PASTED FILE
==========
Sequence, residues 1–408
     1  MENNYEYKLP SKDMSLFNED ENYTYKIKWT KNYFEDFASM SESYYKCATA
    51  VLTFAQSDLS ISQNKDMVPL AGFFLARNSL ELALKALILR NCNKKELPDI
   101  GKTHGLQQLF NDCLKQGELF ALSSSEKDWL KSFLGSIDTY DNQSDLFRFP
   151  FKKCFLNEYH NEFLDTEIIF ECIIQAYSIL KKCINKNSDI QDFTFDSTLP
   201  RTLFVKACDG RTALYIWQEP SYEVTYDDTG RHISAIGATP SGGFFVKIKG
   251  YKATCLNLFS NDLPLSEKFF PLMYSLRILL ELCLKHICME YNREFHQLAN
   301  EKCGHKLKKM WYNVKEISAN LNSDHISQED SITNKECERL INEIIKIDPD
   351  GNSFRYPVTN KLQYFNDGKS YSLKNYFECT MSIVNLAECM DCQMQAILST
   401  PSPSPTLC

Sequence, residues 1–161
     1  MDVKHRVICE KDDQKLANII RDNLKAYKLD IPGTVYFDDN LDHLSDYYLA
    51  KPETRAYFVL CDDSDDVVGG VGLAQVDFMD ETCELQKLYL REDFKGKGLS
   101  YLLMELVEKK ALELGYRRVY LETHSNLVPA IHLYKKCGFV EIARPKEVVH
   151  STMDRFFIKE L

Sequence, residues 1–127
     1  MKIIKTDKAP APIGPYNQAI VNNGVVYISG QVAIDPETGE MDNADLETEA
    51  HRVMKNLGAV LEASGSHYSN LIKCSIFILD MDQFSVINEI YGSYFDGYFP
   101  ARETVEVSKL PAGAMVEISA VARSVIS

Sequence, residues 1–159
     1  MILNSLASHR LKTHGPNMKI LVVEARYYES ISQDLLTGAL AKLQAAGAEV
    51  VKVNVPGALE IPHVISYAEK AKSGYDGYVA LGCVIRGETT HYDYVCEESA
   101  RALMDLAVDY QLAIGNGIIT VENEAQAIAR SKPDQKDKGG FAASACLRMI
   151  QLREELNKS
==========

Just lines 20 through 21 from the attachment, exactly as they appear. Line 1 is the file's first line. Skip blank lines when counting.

Sequence, residues 1–159
     1  MILNSLASHR LKTHGPNMKI LVVEARYYES ISQDLLTGAL AKLQAAGAEV